8. And don’t forget that in addition to “self-defense” scenarios, in some states (Florida), it is permissible to shoot to prevent “the imminent commission of a forcible felony”. Forcible felonies include burglary. Paint your own scenario.

    • It’s a shame that Florida is a complete fuck-up in almost every other sphere of public policy and law. 🙁

  9. TTAC, thanks for the post.

    As per the comments below, I can construct situations where handing a gun to a fellow bystander is advisable. I was reacting against doing that as a general rule – if you carry a back-up gun, the primary purpose should not be as armament for someone else.

    The castle doctrine is interpreted differently between the states, but in general, you are allowed to do armed investigation in your own house. It would certainly be smart to have other friendlies participate. But a bump-in-the-night is hardly a CCW scenario. Train your family, give them easy access to guns. Sure. That’s quite different than having a back-up gun to give out.

    Stand-your-ground. Some states allow it. Most don’t. But even in states that allow it, you’re still not allowed to go “hunting” – moving forward into a threat with a weapon. So, you’re going to give a weapon to a bystander to do….what? Execute a pincer movement? Have him hold the line while you investigate? Give suppressive fire while you move to different cover? All of these things exceed the mandate of stand-your-ground.

    Finally, if you’re giving guns to close friends, who you know can handle guns safely and with confidence, then, sure, it might be a good idea. Again, in a hostage-type situation, or in an extraordinary Columbine or Fort-Hood type situation, where “hunting”-type behavior is necessary, then sure.

    As a matter of personal preference, just because you can legally get into a gunfight doesn’t mean you should. The best way to fight is to have the situational awareness to avoid it. Don’t be so sure that you’ll be the one standing at the end. You have a family, right? You can try to be the hero, but don’t be disappointed when fate, or the courts, isn’t appreciative. Better to be judged by twelve than carried by six, sure, but better still to require neither.

  10. some years ago i was working as a gas pump jockey when a state trooper rolled in to buy gas to assist a stranded motorist. i volunteered to go along to help him, (my uniform was cheaper and easier to clean than his.) out on the road we got a b.o.l. call for a vehicle matching the description of our “customer”, as we pulled up on scene the trooper pointed to the cased shotgun in the car and said “you know how to use it.” (statement, not question.) all turned out o.k., it wasn’t the wanted vehicle or subjects so i put the gas in their car and they went on their way, but having a back up with a shotgun made the trooper feel a lot better about walking down on a car in the dark on a lonely highway.

  11. I disagree with Mr. Lee. The states where I most commonly travel are not “must retreat” states and there is no burden to “exit danger”.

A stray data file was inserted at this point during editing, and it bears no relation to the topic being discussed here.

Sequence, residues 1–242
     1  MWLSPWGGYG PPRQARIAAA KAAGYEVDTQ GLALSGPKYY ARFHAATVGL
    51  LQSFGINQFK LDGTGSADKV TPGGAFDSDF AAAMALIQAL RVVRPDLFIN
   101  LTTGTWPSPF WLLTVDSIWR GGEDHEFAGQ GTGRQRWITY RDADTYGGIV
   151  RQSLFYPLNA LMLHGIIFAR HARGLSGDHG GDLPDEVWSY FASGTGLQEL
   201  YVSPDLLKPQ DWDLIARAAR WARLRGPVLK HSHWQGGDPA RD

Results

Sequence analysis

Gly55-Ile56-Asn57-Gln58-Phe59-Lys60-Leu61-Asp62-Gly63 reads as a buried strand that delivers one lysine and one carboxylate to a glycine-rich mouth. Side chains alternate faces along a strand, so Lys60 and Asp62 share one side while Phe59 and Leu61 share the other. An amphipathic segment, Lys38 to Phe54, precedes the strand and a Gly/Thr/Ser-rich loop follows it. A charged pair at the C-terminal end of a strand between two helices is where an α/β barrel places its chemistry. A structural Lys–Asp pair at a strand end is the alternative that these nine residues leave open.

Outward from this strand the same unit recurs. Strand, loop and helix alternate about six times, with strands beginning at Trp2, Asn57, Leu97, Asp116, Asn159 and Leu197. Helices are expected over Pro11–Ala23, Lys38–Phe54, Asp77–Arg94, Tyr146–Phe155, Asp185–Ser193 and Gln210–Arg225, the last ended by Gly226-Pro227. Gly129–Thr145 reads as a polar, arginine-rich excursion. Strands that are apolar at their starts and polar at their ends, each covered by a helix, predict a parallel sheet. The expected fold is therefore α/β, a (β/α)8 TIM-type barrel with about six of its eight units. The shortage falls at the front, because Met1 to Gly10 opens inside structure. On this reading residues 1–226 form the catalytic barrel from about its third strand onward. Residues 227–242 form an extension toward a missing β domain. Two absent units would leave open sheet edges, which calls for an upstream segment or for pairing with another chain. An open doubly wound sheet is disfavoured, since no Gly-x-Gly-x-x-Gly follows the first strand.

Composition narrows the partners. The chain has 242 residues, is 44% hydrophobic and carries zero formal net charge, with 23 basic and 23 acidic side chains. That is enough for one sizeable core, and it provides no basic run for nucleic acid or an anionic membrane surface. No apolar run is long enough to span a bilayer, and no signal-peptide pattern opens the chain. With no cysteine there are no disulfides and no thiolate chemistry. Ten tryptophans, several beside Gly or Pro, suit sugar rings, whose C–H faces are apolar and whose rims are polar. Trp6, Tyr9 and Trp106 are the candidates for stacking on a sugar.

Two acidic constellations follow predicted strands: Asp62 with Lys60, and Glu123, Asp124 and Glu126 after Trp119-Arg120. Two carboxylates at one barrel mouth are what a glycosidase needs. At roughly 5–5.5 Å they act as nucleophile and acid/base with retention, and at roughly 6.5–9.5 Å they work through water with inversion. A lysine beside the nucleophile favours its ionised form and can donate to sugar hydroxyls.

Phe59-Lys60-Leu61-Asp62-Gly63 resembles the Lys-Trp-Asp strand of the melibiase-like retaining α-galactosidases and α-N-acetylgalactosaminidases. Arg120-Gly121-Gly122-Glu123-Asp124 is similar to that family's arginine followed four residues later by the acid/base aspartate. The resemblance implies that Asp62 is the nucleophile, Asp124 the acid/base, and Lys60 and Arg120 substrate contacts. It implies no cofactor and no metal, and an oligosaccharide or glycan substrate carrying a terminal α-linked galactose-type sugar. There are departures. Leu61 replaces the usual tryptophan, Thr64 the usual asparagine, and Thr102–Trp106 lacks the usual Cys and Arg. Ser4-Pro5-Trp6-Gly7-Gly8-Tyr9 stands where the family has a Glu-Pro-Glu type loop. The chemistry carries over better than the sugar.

A second gun, in the hands of a trained and competent individual, is one helluva force multiplier.

    In my case, if I’m with my wife, and she doesn’t have the revolver in her purse (which is about as likely as her not having her purse with her), a second piece on me might be just the ticket. So, in that most likely scenario of any to affect me, the answer is, yes!

    I have a couple of friends who, for an assortment of stupid reasons, don’t have their carry permits, either through HR-218 or through state-issued licenses. In some of those cases, including the retired Bureau Agent & weapons trainer, I might give him my primary piece and I’d take my customized P3AT. I’m fairly competent, but he’s nearly a god with a handgun, courtesy of prolly half a million rounds courtesy of our Uncle.

    Having said all that, would I hand a piece to someone I don’t know from Adam? Oh, hell no.


  12. Handing a weapon to “Someone else” is not an act one could be held Liable for during a period of high stress and emergency.

    I do agree with your time line example of why not though in an immediate action type situation. Noted are the obvious exceptions i.e. you are wounded yourself and cannot carry on the fight etc.

    Runaway when possible is the superior defense move always! RE: avoid the fight. The problem is sometimes you cannot. Loved ones with you, you in your home, or even myself now because of medical problems are all reasons why one may need to or want to stay and fight. I literally can no longer runaway only gimp away with my cane. If trouble comes to me these days, I must face it head on.

    Think about a Katrina type situation and if you should need to arm your unarmed neighbors. You may need to equip your own Neighborhood watch. Again an emergency and temporary situation. (A great rationalization for my owning enough guns and ammo to equip a small third world nation)

    For the record, I have moved from my Springfield Professional to a Colt LtWgt Commander (21st Century model) for my own CCW/EDC for the weight savings on my belt. If I should go 9mm these days (not often), I no longer choose my Highpowers. I go with the HK P30 9mm LEM.

    Good luck.


    “We can evade reality, but we cannot evade the consequences of evading reality” – Ayn Rand